Last updated on 3/28/24

## Use the right loop to repeat tasks

Imagine you have a block of code you need to repeat multiple times. You can wrap it in a function and call that function as many times as you need to. That could do the trick, however, most of the time you don't even know in advance how many times you need to call it.

Loops solve this issue!

A loop, in programming, is a technique that allows you to repeat one or more instructions without having to retype the same set of instructions multiple times.

Enumerated loops are loops that are used when you know in advance how many times you want to loop. In Java, these are called for loops.

With these, you can provide the number of iterations to be performed:

1. As an integer value

2. As the result of an expression that generates an integer value

#### For loops with an integer value

Here is an example of a for loop that repeats a statement five times:

for (int i=0; i<5;i++) {
}

In this set of instructions, we have an enumerating variable i that is responsible for the count of executions. The equivalent code if we were not using a loop would be:

Can you imagine if we wanted to clap not five, but 42, or 1001 times?

The general syntax for the for statement is as follows:

for (initialization; termination; increment) {
// list of statements
}
1. The initialization is an expression that initializes the loop. It generally declares and assigns an iterator. In our example, we declare an iterator named i of type int with a value of 5.

2. The termination is an expression that is evaluated before each loop execution. When it evaluates to false, the loop stops. In our example, the termination expression is i<5, which means the loops stops when i reaches the value of five.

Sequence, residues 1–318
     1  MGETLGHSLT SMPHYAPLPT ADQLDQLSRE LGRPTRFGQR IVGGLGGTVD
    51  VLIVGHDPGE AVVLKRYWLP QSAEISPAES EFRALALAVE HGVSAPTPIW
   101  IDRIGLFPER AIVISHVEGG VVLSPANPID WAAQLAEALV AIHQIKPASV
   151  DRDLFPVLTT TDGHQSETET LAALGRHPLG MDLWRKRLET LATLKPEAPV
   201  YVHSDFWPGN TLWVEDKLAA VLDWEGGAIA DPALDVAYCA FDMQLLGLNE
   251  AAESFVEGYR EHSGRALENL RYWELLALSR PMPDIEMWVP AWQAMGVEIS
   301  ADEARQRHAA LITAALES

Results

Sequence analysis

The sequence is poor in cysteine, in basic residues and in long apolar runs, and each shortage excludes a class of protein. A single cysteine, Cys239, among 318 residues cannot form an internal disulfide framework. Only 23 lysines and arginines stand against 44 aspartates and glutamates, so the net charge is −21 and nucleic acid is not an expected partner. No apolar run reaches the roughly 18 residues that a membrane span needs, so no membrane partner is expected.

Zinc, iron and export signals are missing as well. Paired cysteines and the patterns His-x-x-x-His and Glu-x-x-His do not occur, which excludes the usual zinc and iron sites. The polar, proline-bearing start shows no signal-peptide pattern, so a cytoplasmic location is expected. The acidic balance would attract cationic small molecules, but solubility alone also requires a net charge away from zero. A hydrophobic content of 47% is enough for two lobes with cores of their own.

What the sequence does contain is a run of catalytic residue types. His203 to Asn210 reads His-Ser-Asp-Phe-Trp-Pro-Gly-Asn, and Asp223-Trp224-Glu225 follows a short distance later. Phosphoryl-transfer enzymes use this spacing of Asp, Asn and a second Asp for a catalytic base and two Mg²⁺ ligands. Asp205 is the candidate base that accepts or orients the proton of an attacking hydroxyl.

3. An Increment is an expression that is evaluated each time an iteration is performed. In our example, the increment is i++. This means we add 1 to the value of i each time we go through our loop.

4. The list of statements is located between{ and  }. It is the code that is run each time the loop is executed.

#### For loops with collections

Use enumerated loops when you need to iterate over an array or a collection. Here is an example for arrays:

int[] myArray = new int[]{7,2,4};
for (int i=0; i<myArray.length; i++) {
System.out.println(myArray[i]);
}

As we saw in part 1, an array has a length property that returns the number of elements in the array. In this example, it is used as the termination of the for loop. Sometimes you don't care about the index and just want to display the value contained in the array or the collection. In that case, Java provides an enhanced for construct that has the following general syntax:

for (int number: myArray){
System.out.println(number);
}

With the enhanced for, you simply need to define a variable of the type of the array or collection you are looping over. This variable will be assigned the value of each element of the array or collection until you have reached the end.

The for loop is great when you want to loop a predefined number of times or over all the elements of an array. When it is not the case, Java provides a more general way of looping with conditional loops.

Conditional loops are also called while loops. They come in two types:

• while

• do/while

You can guess by the name, the loop needs to keep going while … something… or "as long as." It is a little like a combination of a for loop and an if statement. The number of repetitions is not defined by the lower and upper limits of an enumerator, but by a condition like that of an if statement.

#### While loop

Here's what the syntax looks like:

while (logicalExpression) {
// list of statements
}

It can be interpreted as "as long as the logical expression is true, repeat the instructions."

This is how it works in detail:

1. The program verifies that  logicalExpression is true

2. If it is false: the instructions are ignored. You do not even enter the body of the loop located between {  and  }.